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MIAMI (CBSMiami) – Trying to find a way out of the ongoing opioid crisis, surgeons at the Cleveland Clinic in Weston are educating patients and giving them alternatives for healing.
Nearly 11.5 million Americans misused opioid pain relievers prescribed by a doctor last year and 43,000 of those users were killed, according to the U.S. Department of Health and Human Services.
CBS4 News took a look at what they’re doing to curb the crisis.
At 88-years-old, Marvin Wiener is enjoying life, pain-free. He is an attorney who still practices law and he plays golf. After years of playing tennis, Wiener wore down his shoulder, needing replacement surgery.
“I was playing tennis for half a century. I remember I was in pain before the surgery. My shoulder was bone on bone,” said Wiener.
He went to the Cleveland Clinic three years ago and he finally got his new shoulder.
“I’m very happy I had such a successful result. The surgery went extremely well,” said Wiener.
Still, Wiener had some post-op pain to get through. His doctor’s goal was to keep him from relying on opioids to treat the pain.
“I was aware of the opioid epidemic. And I shy away from those things,” he said. “I did use one oxycodone along the way. And they gave me 30 and we threw 29 away.”
Susan Eramos-Webster went through something similar just a few months ago, after a tendon ripped away from one of her bones. She also knew about the dangers of opioid addiction.
“The pain after surgery, you think about it, that you’re gonna have discomfort. Your body’s been invaded, you’re gonna have a repair done. You’re gonna have bone taken off,” said Eramos-Webster. “And you’re gonna be managing discomfort. So you prep yourself for that, responsibly.”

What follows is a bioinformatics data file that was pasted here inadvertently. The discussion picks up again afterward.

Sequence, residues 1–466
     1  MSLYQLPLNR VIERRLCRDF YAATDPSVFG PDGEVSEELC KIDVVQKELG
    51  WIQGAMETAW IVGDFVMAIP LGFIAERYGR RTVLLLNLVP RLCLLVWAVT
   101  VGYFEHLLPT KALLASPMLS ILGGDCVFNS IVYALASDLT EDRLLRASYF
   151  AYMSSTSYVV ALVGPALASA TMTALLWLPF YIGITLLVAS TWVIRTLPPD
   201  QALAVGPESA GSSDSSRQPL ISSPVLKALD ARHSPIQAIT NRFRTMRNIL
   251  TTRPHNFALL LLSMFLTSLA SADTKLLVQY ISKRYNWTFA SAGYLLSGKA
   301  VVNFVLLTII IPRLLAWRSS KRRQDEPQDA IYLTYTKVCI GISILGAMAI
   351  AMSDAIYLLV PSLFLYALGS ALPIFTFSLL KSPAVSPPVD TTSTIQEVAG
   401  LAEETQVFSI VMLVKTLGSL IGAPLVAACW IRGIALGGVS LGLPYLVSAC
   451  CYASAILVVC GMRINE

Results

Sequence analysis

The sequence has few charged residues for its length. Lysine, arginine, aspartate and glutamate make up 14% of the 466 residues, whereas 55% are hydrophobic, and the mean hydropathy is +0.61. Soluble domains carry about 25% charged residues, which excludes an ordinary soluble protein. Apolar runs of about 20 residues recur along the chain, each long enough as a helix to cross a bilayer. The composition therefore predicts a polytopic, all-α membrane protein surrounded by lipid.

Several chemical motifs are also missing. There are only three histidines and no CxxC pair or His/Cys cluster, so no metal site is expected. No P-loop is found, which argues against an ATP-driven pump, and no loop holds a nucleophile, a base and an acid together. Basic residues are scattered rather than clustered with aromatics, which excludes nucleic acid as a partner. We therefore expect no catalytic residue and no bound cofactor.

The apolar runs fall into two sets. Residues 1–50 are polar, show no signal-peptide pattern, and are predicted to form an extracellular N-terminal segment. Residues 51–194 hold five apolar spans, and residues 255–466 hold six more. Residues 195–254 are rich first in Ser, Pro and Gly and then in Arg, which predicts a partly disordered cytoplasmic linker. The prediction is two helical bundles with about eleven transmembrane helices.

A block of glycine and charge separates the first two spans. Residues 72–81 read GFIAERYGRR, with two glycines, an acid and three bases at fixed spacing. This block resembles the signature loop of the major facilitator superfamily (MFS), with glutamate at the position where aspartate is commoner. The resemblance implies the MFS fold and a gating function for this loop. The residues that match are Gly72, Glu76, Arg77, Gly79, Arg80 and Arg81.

Despite exercising before surgery and believing in holistic healing. Susan still found herself needing something stronger than ice, ibuprofen or acetaminophen.
“Approximately three days after surgery, I had breakthrough pain that I said, ‘You know, I think I need a little help with this because I’m not a martyr either,” she said. “And so what I did is I took an old oxy from an old surgery that was four years old. ”
Dr. Vani Sabesan is an orthopedic surgeon at the Cleveland Clinic who performed Susan and Marvin’s surgeries.
Sabesan said when planning for surgery with patients, she discusses the opioid crisis and the risks of relying on the highly addictive painkillers after the procedure.
The National Institute of Drug Abuse said each day more than 115 people across the country die from an opioid overdose. The types of opioids include prescription pain relievers, heroin and synthetic opioids like fentanyl.
The Institute also points out, 21 to 29 percent of people prescribed opioid pain relievers, misuse them.
And 80 percent of those who use heroin now, actually started by misusing prescription opioids in the first place.
“Although we know the public is really getting better acquainted with these facts and the crisis, no one wants to be in pain,” said Sabesan.
Besides educating patients and giving them alternatives for healing, Cleveland Clinic surgeons like Sabesan are proactive during the actual procedure.
“We decided to take it upon ourselves to really change the way we approach surgery,” said Sabesan. “We’re doing research with them where they bind to fat molecules and
they slowly reduce the anesthetic locally wherever that surgery is.”
In the case of Susan and Marvin, Sabesan numbed the nerves inside their shoulders, keeping them pain-free up to three days after surgery.
That’s precisely when each patient took one opioid painkiller and from then on relied on over-the-counter medications instead.
“Two weeks after my surgery when they asked me how high I could lift my shoulder I was able to go like this,” said Wiener. “So it was a wonderful result. And my pain level was down to zero.”
“I don’t really like the feeling of the heavy drugs. So I use more of a holistic approach. Massage, lymphatic drainage,” said Eramos-Webster.
Another possible upside to nerve blocking during surgery includes fewer post-surgery side effects from anesthesia such as nausea and vomiting.